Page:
Correct excess IRA contributions and avoid taxes and penalties.
In this show I’ll share tips for what to do if you discover that you’ve contributed too much to your traditional or Roth IRA.
Why an IRA?
The Individual Retirement Arrangement, or IRA, is one of my favorite savings vehicles because it offers so much flexibility and tax savings. Most IRAs give you a wide variety of investment choices, whether you’re very conservative or like to throw caution to the wind. We know that the recession has made it difficult for many to continue socking money away for retirement. So if you maxed out an IRA for the 2008 tax year, pat your back and let me say, “Good job”! And if you haven’t done it yet but still want to, there’s some time left.
IRA Deadline and Limits
The deadline to contribute funds to an IRA for the 2008 tax year is April 15th of 2009. The maximum allowable contribution for traditional or Roth IRAs is $5,000 if you’re under 50 and $6,000 if you’re age 50 or older. There’s a special exception for those who participated in a workplace 401(k) plan maintained by an employer that went into bankruptcy. If this is your situation, the IRA contribution limit is generally increased to $8,000 no matter your age.
Make Timely Corrections
But what if you overloaded your traditional or Roth IRA account by mistake? Excesses could be the result of contributions from you, your spouse, your employer, or from a botched rollover. The good news is that excess contributions can be corrected without penalty if handled in a timely manner.
Let’s say Johnny is 35 years old, earned $40,000 in 2008, and contributed a total of $6,000 to his traditional IRA. Since his allowable limit is only $5,000, he has an excess of $1,000 in the account. If Johnny withdraws the excess, plus any earnings it made, on or before the due date of his tax return, it’s like it never happened! This due date can be extended, so be sure to file for an extension before April 15th if you can’t complete a necessary IRA withdrawal on time.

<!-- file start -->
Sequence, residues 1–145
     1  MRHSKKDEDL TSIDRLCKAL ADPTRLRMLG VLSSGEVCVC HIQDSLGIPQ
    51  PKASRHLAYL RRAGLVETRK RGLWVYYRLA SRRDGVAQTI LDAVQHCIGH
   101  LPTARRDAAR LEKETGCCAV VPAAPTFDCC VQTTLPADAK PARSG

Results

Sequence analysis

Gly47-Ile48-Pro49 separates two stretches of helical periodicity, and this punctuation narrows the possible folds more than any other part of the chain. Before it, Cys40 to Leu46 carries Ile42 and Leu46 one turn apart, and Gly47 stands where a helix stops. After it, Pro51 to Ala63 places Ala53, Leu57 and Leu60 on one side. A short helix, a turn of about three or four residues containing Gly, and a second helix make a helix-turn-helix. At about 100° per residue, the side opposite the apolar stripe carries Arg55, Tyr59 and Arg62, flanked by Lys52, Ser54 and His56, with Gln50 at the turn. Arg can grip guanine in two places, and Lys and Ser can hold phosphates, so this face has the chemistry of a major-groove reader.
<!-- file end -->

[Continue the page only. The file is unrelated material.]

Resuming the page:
Dealing with Withdrawn Earnings
However, if Johnny made some money on his excess contribution of $1,000, that income must not only be withdrawn from his IRA, but is also subject to taxes. For example, if he earned 2% interest on the excess, or $20, a total of $1,020 will need to be withdrawn from his IRA. The $20 is subject to ordinary income tax and is also considered an early distribution that gets hit with an additional 10% penalty tax. Distributions taken from IRAs before you reach age 59½ are non-qualified withdrawals subject to this nasty 10% penalty.
The calculation of how much you earned on excess contributions is determined for the period the excess remained in the IRA. It takes into account the performance of all the IRA’s assets, not just one particular stock, for example. Your IRA custodian can help you figure how much you earned or lost on any excess contributions.
Roth IRA Income Limits
Contributions to Roth IRAs are only allowed if the owner’s modified adjusted gross income doesn’t exceed certain limits. For those with tax status as single, head of household, or married filing separately, the maximum income limit is $116,000. It’s $169,000 for those who are married filing jointly. Because of these income limitations it can be very easy to mistakenly contribute to a Roth IRA if your income turns out to be more than you expected.
Help Me Fix It!
Once you realize that you’ve contributed too much, contact your IRA custodian or tax professional right away. An excess contribution that isn’t withdrawn by the deadline is subject to a 6% tax penalty each year that it remains in an IRA. It’s important to try to prevent excess IRA contributions from occurring in the first place, but it’s even more important to get them corrected on time to avoid significant taxes and penalties.
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Chi-Ching, that's all for now, courtesy of Money Girl, your guide to a richer life.
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